Editor’s Choice Award September 2023 Short Story

The Editors’ Choices are chosen from the submissions from the previous month that show the most potential or otherwise earn the admiration of our Resident Editors. Submissions in four categories — science fiction chapters, fantasy chapters, horror, and short stories — receive a detailed review, meant to be educational for others as well as the author.This month’s reviews are written by Resident Editors Leah Bobet, Jeanne Cavelos, and Judith Tarr. The last four months of Editors’ Choices and their editorial reviews are archived on the workshop.

The Earthlight Bright Before Her, Part One by Albert Chu

I was caught, this month, by the stark world of “The Earthlight Bright Before Her”: a society trying to grow in a half-constructed, best-fit escape hatch of a lunar station that’s doing double duty as a metaphor for both personal and communal grief space. It’s a resonant concept with a lot of moving parts that are already working well—and a fair bit of opportunity to improve its structure and underpinning logic. So this month, I’d like to touch a little bit on what structure does with readerly attention, and talk about what we do with our hard science elements and how that makes all the difference to how they’re read.

The space of “The Earthlight Bright Before Her” is, with very little description, quite beautiful: Shihua’s unnamed lunar station—a home she was evacuated to as a child—is stark, lightly drawn, and haunting in its austerity because of those choices. It’s very much a setting of the mind, and that’s made clear very early as Shihua, mourning, is concerned people know emotion won’t overrule her performance. It’s the visible gaps between her years-long, driven crisis-management performances and her visible inner turmoil that drive “The Earthlight Bright Before Her”, until and as she reconciles them: a rather compassionate collision between what was once a reasonable trauma response and the space where it’s outlived its healthiness.

That’s a theme that’s encapsulated on all levels of craft, especially in the prose: the evocativeness of the language when she thinks of Earth, or actually lets herself go (I especially liked “It was a pin, and she wriggled on its end; it was an ocean, and she drowned in it.”) just emphasizes the harsh austerity of her everyday narration. Shihua is clearly not a reliable narrator: emotionally austere, compulsive, and occasionally a little propagandistic, defaulting to the party line over nuances or niceties. It’s a great way to signal state of mind, and the degree of self-repression Shihua’s working under.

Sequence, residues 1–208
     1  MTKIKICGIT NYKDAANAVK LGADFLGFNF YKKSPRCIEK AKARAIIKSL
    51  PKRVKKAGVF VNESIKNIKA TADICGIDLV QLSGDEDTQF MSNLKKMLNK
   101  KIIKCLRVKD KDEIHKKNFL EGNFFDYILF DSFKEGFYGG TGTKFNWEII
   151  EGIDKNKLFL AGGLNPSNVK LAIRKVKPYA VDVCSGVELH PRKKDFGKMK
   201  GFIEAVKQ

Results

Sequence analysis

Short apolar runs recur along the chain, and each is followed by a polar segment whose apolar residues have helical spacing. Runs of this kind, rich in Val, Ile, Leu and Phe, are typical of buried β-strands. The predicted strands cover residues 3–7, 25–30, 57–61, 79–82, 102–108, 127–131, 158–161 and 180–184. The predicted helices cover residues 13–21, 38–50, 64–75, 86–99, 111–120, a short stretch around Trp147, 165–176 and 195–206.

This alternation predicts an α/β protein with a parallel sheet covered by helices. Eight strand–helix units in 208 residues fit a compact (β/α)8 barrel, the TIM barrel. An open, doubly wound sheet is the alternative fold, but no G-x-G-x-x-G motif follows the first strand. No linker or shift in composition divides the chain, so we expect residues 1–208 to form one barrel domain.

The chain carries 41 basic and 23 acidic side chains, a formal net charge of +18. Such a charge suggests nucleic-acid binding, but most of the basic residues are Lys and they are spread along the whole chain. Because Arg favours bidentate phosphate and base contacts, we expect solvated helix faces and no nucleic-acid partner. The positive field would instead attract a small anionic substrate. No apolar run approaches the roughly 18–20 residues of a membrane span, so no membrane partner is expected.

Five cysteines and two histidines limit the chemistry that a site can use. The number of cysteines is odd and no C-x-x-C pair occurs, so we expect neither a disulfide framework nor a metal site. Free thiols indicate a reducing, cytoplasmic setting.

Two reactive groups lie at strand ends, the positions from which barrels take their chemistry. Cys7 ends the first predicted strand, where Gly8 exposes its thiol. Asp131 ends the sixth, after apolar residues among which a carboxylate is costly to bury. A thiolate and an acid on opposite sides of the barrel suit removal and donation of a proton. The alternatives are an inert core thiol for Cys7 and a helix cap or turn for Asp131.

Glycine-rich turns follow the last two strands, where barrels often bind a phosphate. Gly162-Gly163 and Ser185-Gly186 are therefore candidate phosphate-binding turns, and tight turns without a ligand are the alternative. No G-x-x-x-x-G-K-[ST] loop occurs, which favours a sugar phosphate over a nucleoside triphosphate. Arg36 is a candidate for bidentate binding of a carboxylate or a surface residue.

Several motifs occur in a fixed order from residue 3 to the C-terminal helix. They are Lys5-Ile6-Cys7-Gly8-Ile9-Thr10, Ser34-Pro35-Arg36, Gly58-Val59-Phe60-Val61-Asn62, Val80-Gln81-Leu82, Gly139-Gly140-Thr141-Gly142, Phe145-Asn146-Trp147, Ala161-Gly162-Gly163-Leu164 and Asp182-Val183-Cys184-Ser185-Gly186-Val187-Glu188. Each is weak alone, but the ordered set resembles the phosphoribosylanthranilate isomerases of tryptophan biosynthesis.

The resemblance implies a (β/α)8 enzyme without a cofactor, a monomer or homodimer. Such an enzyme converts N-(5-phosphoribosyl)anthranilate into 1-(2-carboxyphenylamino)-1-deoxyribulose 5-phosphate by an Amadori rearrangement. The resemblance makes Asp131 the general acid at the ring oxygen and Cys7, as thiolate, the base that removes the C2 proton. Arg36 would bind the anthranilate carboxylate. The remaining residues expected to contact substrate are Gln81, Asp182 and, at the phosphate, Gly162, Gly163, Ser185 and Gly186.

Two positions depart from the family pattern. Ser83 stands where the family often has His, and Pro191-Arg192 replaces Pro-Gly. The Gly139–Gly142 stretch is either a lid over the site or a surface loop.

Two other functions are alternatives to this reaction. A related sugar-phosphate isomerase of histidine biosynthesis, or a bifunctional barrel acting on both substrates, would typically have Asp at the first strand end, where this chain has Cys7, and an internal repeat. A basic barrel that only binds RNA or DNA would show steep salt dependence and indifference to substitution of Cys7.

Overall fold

The balance of paragraphs show me right away how to read that connection between space and feeling. The author’s notes ask about whether the hard science elements slow the pace, and I’m personally not a reader who’s going to linger over technical details as long as they don’t keep me from a good story, but from the first line, those details are being balanced by emotional content: “date fourteen” spurs a bit of confusion for me, but it immediately pales before the loss of a parent and the encroaching lunar darkness—an obvious, apt, and effective metaphor for grief (reversed quite visibly when Yiye is born, and paid off in the Earthlight). That first paragraph’s juxtaposition of detachment and intense emotion—astrophysics as emotion, engineering as revenge against mortality—tells me clearly that “The Earthlight Bright Before Her” isn’t going to be a story that treats its technical details like a test—and that’s what I need to connect with it as a reader. I’ve been told why they actually matter, and that’s enough.

From that point, the piece has set an expectation with me for how I should read it, and when I read those technical details on a metaphoric level, everything works: What consumes power produces heat, and the heat must be vented somewhere—it’s also an apt metaphor for emotional consequences. The “patches of unnatural smoothness breaking up the rocky, pockmarked surroundings” read perfectly as a description of Shihua’s affect, artificiality amongst a more natural roughness. Under that reading, the quest to build a literal wall of radiators—an emotional barrier sometime described as “a blade”—takes on more resonance for me as a metaphoric solution, rather than a practical one.

I think this tendency is what’s also currently creating the story’s major downsides, however: several occasions when the practical logic gets subsumed in the metaphoric, to the point where it breaks. It’s when these practical collisions arise that I find myself having logic questions about “The Earthlight Bright Before Her.” There are all sorts of motivations—societal, interpersonal, chronological—that don’t always line up, and the attention to technical detail highlights them considerably.

On the surface level, “The Earthlight Bright Before Her” can occasionally get too obvious with its pragmatic-metaphoric connection. Notably, Shihua’s “Didn’t he see the danger in grief?” felt rather on the nose, and the ways Shihua paints Yiye as not just her hope for the future, but the station’s hope can edge into Heinleinian special-child territory. Realistically, there’s no reason a protagonist’s child would be naturally better at things; most of us have our strengths and weaknesses.